Saturday, October 31, 2015

Divisional Court Reverses Law Society on Penalty and Costs

   Once again an appellate court has affirmed the fundamental principle in sentencing and penalty dispositions in administrative law proceedings that a lack of remorse can not be an aggravating factor when a person testifies in their defence.  A unanimous panel of the Divisional Court led by Justice Perell overturned a decision of the Law Society of Upper Canada's Appeal Panel issuing a one month suspension and costs of $10,000 flowing from a finding that appellant, Roy D'Mello, failed to cooperate with with an investigation.

   I will delineate the relevant points from the decisions of the Law Society of Upper Canada's Hearing Panel, Appeal Panel and that of the Divisional Court below.

Law Society of Upper
Canada Hearing Panel:

[14]   Mr. D' Mello started with the proposition that his honest belief was a mitigating circumstance but then attempted to re-litigate the issue of the propriety of his refusal to co-operate our earlier findings.

[16]   Nevertheless, based on Mr. D'Mello's testimony and submissions, we conclude that Mr. D'Mello would not act differently in the future were he to be faced with the same or a similar circumstance, despite this proceeding.  Mr. D'Mello was clear that he would not provide documents and information in a future Law Society investigation if he thought that the Law Society was acting improperly.

[20]   ......It is clear that Mr. D'Mello has not learned his lesson.

[21]   As we do not think that a reprimand will deter Mr. D'Mello from similar misconduct in the future, we conclude that a one-month suspension is the appropriate penalty.

Law Society of Upper
Canada Appeal Panel:

[39]   The penalty imposed was within the range, albeit at the high end.

Divisional Court:

[85]   I have already explained above my opinion that the Hearing Panel made inconsistent, adverse, demeaning and procedurally unfair findings of fact against Mr. D'Mello on the very issues that the Hearing Panel had ruled irrelevant to the failure to co-operate proceeding.  In my opinion, these unfair findings tainted the reasonableness of the Hearing Pane's decision about penalty.

[87]   ....That said, both the Hearing Panel's and the Appeal Panel's decisions about penalty became unreasonable when they concluded that Mr. D'Mello was a likely recidivist notwithstanding that he had a genuine belief that thee was an impropriety that would have at least been relevant to the underlying investigation of possible mortgage fraud by the CIBC, which had not been closed at the time of the failure to co-operate proceeding.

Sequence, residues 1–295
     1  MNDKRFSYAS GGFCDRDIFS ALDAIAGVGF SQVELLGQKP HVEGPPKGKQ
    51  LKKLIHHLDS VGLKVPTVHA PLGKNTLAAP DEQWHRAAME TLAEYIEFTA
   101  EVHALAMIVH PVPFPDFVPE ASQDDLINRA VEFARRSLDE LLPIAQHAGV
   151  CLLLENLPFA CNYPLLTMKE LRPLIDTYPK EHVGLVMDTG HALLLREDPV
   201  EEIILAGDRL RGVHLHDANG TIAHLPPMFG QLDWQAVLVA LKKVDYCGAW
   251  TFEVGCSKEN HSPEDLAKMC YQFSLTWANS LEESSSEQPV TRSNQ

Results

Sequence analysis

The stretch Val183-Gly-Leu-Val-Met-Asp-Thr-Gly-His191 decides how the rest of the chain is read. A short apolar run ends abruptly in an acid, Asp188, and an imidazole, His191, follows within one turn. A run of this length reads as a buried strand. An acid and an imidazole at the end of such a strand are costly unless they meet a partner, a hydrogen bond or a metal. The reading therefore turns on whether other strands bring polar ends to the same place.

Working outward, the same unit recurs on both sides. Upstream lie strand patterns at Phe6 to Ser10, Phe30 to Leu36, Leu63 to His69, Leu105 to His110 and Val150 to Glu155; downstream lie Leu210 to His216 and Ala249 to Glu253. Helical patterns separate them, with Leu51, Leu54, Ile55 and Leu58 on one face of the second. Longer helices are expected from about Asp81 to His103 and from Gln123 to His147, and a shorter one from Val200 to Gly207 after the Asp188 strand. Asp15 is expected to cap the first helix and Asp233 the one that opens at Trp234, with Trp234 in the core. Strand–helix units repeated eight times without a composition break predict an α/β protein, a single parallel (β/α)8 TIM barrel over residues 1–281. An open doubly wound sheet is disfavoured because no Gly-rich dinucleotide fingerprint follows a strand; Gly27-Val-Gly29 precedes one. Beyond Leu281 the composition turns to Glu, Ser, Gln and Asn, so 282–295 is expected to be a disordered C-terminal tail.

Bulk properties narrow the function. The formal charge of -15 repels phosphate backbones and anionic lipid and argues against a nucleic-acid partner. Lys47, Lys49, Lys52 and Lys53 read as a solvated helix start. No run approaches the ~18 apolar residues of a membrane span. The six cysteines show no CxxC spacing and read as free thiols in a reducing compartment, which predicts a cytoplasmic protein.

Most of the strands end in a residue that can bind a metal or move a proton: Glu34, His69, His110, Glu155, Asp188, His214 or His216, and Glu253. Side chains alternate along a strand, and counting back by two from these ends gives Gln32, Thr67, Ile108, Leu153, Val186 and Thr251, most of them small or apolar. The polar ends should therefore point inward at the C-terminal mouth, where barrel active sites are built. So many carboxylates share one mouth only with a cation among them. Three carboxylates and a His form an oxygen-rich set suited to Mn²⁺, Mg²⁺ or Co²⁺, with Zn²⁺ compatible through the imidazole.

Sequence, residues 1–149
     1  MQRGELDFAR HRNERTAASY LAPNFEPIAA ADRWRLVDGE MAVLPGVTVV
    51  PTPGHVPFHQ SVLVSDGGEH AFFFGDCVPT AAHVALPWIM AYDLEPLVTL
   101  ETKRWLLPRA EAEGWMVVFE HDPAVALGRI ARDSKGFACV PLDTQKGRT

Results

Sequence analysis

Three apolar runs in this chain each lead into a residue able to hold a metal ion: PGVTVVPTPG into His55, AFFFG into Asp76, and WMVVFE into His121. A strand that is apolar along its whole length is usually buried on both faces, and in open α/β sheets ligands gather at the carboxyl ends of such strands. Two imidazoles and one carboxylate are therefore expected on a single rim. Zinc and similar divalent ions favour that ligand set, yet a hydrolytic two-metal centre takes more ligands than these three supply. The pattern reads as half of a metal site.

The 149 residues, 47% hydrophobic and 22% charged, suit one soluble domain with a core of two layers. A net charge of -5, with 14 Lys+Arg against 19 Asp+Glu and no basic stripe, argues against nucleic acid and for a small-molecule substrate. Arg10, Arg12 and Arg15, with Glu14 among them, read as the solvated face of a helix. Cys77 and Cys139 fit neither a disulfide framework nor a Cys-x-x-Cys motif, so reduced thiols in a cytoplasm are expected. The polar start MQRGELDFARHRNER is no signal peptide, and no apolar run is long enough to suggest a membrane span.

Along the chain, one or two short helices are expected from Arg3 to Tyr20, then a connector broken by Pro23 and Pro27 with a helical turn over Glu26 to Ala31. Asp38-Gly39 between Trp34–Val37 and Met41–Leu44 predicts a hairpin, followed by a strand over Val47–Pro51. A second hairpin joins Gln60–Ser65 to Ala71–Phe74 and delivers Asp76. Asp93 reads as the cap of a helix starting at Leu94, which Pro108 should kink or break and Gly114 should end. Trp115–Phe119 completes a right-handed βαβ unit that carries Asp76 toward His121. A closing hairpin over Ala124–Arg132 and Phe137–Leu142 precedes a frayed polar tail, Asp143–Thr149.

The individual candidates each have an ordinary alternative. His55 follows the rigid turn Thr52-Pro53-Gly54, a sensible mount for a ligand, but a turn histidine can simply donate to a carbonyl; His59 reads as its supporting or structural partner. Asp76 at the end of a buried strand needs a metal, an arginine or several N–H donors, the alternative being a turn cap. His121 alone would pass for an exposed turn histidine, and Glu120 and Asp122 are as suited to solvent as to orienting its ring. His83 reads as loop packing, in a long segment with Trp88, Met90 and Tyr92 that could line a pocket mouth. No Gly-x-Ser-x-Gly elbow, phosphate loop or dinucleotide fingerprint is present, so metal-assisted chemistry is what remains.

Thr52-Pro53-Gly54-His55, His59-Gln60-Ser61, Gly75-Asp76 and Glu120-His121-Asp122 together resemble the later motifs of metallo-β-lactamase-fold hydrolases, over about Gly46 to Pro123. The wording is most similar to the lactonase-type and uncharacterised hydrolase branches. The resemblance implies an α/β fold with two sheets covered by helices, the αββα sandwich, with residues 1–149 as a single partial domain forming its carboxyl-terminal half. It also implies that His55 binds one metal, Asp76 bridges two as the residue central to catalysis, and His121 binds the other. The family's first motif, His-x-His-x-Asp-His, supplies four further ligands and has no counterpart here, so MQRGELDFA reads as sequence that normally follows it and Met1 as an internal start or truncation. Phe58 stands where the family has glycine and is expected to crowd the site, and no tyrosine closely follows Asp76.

[88]   Moreover, it was unfair and unreasonable of both panels to expect Mr. D'Mello to repent and show remorse for his allegations of impropriety at a time when he had provided the documents required by the Law Society without prejudice to his request for an electronic copy of the December 17, 2008 letter, which electronic copy might have given him a defence to the underlying investigation, even if it did not provide hi with a defence to the failure to co-operate proceeding.

[89]   Further, both panels erred in principle by, in effect treating Mr. D'Mello's lack of remorse as an aggravating factor justifying specific deterrence.  Remorse may be a mitigating factor, and the lack of remorse may mean that there are no mitigating factors, but lack of remorse is not an aggravating factor.  Mr. D'Mello sincerely believed that he had no obligation to comply without disclosure of the information to which he believed he was entitled.  Although the Hearing Panel found that belief to be misguided, Mr. D'Mello still had a right of appeal, which he intended to exercise.  He cannot be penalized in that situation for failing to express remorse, which would be a confession of wrongdoing.

[92]   By the time Mr. D'Mello obtained a stay of his one-month suspension, he had already served half of it.  In these circumstances, I shall allow his appeal of penalty and simply set aside the Hearing Panel's penalty order and the costs orders of both panels.

Note: Readers are encouraged to read the full decision - see 2015ONSC 5841 (Canli)  The Appellant, Roy D'Mello was self-represented on his appeal.  The Law Society was represented by L. Maunder and Nisha Dhanoa.  The Divisional Court ordered no costs on the appeal.

Saturday, October 17, 2015

What is Hryciuk Error ?

   Hryciuk Error is a form of jurisdictional error committed by an administrative actor where they receive and act on allegations which were not previously screened in the manner mandated by a statutory scheme.  The term takes its name from the seminal judicial misconduct case of Hryciuk  v.  Ontario 31 O.R. (3d) (ONCA).  In that case Justice Jean MacFarland, acting as a statutorily appointed Commissioner under the Courts of Justice Act, recommended to the Attorney General of Ontario that Justice Hryciuk be removed from office as a Provincial Court Judge as a result of her findings of judicial misconduct.

   Unfortunately, Justice MacFarland decided to hear three new allegations which were not screened by the Review Council before they came to her for adjudication.  Judge Hryciuk was not asked to respond to those allegations prior to the matter coming to hearing since they formed no part of the initial complaint.

   This was a fatal jurisdictional error ruled the Court of Appeal for Ontario.  Justice of Appeal Abella writing for court was clear in delineating the jurisdictional error committed by Justice MacFarland in her recommendation for removal from office.  The following excerpts are from the case headnote and are in a nutshell what constitutes "Hryciuk Error":

"The language of the statute is unambiguous, and leaves no discretion to a judge conducting a s.50 inquiry to hear new complaints not previously screened by the Judicial Council."

"By hearing three additional complaints not so referred, she exceeded her jurisdiction."